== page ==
Monday, 17 September 2018

Lindisfarne...Birds, Butterflies and a Body!

 15th Sept.  With it being a Saturday and the tides giving the opportunity of a full day on the island we ought not to have been surprised at how busy the road was leading to the causeway, and we found the car-park almost full on arrival.  Sam and I had spotted a few birds on the journey north including Lapwings, Kestrel and on approaching the causeway, Common Buzzard.  Our plan to park at the start of the causeway was thwarted as we found the parking area is now out of bounds and the entrance blocked by a large rock, and other space was already taken up.  Nevertheless, we enjoyed the drive over to the island despite little sign of birdlife.  The sun was now breaking through the cloud giving that ethereal feel to the area that often exists and it is unsurprising that many folk feel a spiritual air to the whole area of Lindisfarne.   Once we were striding out on the island we found despite a southerly wind, the autumnal atmosphere was chilled and I was glad to have put on that thicker jumper before leaving home.

Painted Lady and Red Admiral Butterfly

As always it was easy to get away from the crowd who in the main seemed to be heading in the direction of the castle, which certainly looks grand again now that the scaffolding has been removed.  We headed for one of our favourite viewing areas and had it all to ourselves the entire time we spent there.  A Willow Warbler was soon found.  Grey Seals were laid out on the sands in two very large clusters, with other scattered around and land and in the water, some of them tussling together in pairs.  I don’t think I have ever heard the calling of the Grey Seals so well as I did today.  The wolfish, haunting and melancholic sounding song filled the chilled air and made for an unusual atmosphere.  It is little wonder that the ‘selkie’ is the subject of so much myth and legend.  Adding to the atmosphere was a skein of between 50 to 60 calling Pink footed Geese flying in perfect aerodynamic formation above our heads.  There were also the calls from many waders in the bay which included Oystercatcher, Ringed Plover, Dunlin, Turnstone, Redshank, Curlew and Bar-tailed Godwit.  Two Golden Plover flew from behind our backs to join them.  Bar-tailed Godwit were about in very good numbers.  Through the telescope we were able to pick up hundreds of Brent Geese at distance towards Fenham Flats.  Swallows and Sand Martins flew in small numbers and there were several Red breasted Mergansers and Eider Duck on the water, the latter very appropriately swimming across from the area of St Cuthbert’s Island.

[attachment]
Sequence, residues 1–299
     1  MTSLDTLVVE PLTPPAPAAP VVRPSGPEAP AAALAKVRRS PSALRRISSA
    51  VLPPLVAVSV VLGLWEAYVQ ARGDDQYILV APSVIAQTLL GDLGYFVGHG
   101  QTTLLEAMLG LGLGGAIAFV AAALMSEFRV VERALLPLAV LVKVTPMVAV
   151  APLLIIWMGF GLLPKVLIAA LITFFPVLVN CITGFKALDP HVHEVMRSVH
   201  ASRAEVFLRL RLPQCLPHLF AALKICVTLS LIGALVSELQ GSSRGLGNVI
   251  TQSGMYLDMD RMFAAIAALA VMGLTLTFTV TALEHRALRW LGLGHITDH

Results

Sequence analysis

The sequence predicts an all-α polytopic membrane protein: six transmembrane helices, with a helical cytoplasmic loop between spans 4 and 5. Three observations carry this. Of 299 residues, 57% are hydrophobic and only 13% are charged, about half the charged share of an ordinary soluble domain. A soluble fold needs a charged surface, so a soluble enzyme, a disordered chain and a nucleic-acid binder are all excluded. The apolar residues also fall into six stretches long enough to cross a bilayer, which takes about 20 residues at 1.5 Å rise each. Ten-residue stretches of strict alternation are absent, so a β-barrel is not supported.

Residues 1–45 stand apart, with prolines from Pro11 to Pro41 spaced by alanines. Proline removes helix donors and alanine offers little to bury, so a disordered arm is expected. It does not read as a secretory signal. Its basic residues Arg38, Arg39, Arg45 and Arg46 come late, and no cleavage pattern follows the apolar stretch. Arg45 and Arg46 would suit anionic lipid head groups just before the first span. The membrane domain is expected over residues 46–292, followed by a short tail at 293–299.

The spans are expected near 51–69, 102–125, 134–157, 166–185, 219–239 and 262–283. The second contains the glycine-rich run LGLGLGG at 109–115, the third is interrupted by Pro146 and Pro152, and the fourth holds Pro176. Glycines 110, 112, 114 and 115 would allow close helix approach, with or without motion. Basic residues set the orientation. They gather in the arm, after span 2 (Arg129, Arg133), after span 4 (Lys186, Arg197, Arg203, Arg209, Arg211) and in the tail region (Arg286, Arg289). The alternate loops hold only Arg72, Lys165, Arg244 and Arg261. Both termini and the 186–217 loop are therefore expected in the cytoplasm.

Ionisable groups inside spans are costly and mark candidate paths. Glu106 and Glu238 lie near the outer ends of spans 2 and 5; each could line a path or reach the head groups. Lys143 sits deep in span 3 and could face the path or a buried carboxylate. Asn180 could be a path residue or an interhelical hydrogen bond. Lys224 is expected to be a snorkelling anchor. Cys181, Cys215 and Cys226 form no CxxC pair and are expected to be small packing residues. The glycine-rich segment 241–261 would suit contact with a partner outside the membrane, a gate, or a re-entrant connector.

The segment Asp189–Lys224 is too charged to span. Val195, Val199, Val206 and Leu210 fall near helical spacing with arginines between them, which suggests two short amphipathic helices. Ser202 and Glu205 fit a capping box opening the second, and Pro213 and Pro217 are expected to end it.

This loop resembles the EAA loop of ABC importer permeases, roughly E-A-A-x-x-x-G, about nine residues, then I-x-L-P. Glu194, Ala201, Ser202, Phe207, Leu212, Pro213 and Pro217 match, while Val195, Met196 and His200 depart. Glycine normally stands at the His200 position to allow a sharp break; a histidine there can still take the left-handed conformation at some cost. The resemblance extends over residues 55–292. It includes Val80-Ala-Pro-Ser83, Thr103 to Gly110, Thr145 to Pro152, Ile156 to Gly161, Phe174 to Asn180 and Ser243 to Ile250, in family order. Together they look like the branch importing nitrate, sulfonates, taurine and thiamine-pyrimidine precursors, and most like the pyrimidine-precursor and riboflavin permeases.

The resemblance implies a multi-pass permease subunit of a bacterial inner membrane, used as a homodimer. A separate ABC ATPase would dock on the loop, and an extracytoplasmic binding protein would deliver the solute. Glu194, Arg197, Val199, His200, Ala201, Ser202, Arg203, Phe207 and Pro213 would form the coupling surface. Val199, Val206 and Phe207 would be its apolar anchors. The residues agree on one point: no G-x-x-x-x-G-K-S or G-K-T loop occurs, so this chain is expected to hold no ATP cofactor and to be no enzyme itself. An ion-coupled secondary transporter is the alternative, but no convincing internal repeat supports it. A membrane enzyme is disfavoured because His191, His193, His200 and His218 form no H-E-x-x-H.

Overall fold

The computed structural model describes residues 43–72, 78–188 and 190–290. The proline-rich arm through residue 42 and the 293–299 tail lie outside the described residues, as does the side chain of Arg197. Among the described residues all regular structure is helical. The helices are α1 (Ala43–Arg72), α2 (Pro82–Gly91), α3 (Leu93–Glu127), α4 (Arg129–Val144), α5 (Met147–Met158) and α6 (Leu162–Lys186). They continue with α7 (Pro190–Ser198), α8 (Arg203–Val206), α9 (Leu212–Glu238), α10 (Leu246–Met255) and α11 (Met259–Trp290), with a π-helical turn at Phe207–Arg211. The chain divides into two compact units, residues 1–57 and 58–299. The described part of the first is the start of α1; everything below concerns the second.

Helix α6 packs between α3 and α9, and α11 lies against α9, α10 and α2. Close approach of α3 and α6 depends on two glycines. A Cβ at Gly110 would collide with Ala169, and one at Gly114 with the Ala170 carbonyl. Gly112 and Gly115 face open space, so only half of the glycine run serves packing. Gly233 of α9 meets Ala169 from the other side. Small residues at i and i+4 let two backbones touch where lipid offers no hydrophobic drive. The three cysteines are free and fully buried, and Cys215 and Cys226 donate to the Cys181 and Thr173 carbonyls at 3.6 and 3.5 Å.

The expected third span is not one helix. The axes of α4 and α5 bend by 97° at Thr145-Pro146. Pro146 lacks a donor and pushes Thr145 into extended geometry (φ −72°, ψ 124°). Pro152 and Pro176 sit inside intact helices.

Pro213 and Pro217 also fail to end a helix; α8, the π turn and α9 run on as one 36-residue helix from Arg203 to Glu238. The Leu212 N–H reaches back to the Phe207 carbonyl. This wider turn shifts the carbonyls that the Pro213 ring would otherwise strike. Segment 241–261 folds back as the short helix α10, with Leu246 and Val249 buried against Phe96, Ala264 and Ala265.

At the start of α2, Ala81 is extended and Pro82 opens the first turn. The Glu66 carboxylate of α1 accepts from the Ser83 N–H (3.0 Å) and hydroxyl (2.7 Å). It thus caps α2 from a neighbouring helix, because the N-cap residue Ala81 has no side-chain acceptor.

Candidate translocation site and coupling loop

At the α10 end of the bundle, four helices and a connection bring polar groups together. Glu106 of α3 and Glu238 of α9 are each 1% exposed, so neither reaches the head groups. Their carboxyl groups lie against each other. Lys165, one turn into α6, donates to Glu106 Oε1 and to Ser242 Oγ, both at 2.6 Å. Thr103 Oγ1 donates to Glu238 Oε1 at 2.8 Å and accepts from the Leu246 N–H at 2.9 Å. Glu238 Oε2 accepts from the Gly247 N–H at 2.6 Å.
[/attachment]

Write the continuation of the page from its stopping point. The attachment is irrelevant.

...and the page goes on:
Red Admiral Butterfly

Painted Lady Butterfly

As we moved on having seen not a single fellow human in the area I couldn’t help but wonder how many of the many visitors to the island today would hear the Grey Seals calling, or perhaps even see them!

Red Admiral Butterfly

Red Admiral Butterfly